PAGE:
Vagabond in America 2016 travel blog

Rally-style Camping

Seminar at the Rally

Buffet dinner ready to go

Dinner at the Rally

Nightly entertainment at the Rally

More entertainment

Boat Show

An early RV

Riders on the Cadillac bike trail

Along the trail

Another view on the trail

A narrow, curving, wooden bridge on the bike trail

My last stop in Florida was the Rally in Tally.

An RV Rally is any time that a bunch of RVers gather together in one place. In this case, the location was the North Florida fairgrounds in Tallahassee, the capitol of Florida.

We parked our rigs in the field in what's called Rally-style. As each RV arrives, it gets assigned the spot next to the previous one. If several RVers want to park their rigs together, they must arrive together.

Generally, the most interesting parts of any RV Rally are the exhibits and the seminars. Since this was a relatively small rally, there weren't very many exhibitors or speakers. But, what they had were interesting.

The main benefit of an RV Rally is meeting other RVers. This rally was organized by Passport America, a discount camping club. That meant that all of the attendees spent enough time in RV parks to warrant buying a membership. I had a wealth of opportunities to speak with other full-time and part-time RVers.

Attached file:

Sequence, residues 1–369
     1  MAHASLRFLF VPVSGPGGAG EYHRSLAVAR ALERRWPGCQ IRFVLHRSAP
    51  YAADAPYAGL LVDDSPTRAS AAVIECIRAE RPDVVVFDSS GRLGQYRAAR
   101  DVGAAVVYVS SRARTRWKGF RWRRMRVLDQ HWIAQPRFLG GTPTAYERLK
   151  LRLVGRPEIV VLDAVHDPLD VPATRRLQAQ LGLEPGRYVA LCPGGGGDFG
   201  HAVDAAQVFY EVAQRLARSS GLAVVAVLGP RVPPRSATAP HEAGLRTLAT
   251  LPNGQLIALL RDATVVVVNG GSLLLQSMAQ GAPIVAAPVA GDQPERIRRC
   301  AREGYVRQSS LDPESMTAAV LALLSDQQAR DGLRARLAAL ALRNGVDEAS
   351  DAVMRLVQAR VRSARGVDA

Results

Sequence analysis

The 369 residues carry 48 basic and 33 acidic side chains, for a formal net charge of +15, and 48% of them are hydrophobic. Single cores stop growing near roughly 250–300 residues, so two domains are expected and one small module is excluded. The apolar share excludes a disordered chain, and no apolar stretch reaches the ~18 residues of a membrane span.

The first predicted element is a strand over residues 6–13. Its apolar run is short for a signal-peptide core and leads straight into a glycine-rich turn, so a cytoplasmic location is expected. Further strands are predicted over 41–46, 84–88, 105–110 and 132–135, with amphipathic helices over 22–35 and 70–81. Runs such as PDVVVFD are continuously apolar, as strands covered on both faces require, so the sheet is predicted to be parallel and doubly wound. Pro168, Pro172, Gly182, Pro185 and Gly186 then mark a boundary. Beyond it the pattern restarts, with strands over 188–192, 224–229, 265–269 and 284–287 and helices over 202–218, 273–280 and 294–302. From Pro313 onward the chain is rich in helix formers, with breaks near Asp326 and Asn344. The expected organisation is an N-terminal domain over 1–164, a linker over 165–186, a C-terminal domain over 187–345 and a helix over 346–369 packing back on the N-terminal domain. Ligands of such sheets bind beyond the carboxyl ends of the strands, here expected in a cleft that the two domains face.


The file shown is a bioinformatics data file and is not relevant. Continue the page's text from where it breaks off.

In addition to camping at the fairgrounds, the registration fee covered coffee and donuts each morning, a buffet dinner every day, and stage entertainment each evening. Lots and lots of time to meet and talk to other RVers.

I joined a group tour of Tallahassee that included stops at the Florida History Museum. It also included a lunch at the local Golden Corral. The buffet selection was incredible. The quality? Well, let's just say that it was edible.

In addition to the group activities, I spent one day alone exploring the city's many parks. I heard some people refer to this part of Florida as "hill country". Given how flat Florida is, I was surprised that there are actual hills in this part of the state. It seems that this is the trailing end of the long Appalachian Mountain chain that stretches from Maine to Georgia. It's one of the oldest and longest mountain chains in the world. Last summer, I hiked in the northern extension of the Appalachian Mountains in Newfoundland.

They had several nice bike trails connecting the parks. Some were paved; some were dirt. I was completely surprised to find a competition-class cross-country bicycling trail. This trail, called the Cadillac Trail, is locally well-known and was specifically built for cross-country bicycling. It's a "single track" trail, meaning that it's too narrow in most places to pass another bicyclist. That wasn't a problem because there were so few bicyclist out this early in the season. I had a wonderful time riding on this trail. It was near the limits of my cross-country bicycling skills. In fact, I avoided one of the jumps because there was no one around to rescue me if I didn't make the jump safely. At one point, there was a sign indicating "More Difficult". Thinking that I didn't want the "More Difficult" router, I took the other route. I soon realized the actual choice had been between "More Difficult" and "Most Difficult". I had unintentionally selected the "Most Difficult" path. As it turned out, what make this route hard is that the trail was extremely narrow. I had a clearance of less than two inches between my handlebar and the trees. At full speed, that was tricky. Nonetheless, I made it safely through. If I'd been in Tallahassee longer, I would certainly have come back to ride this trail again.

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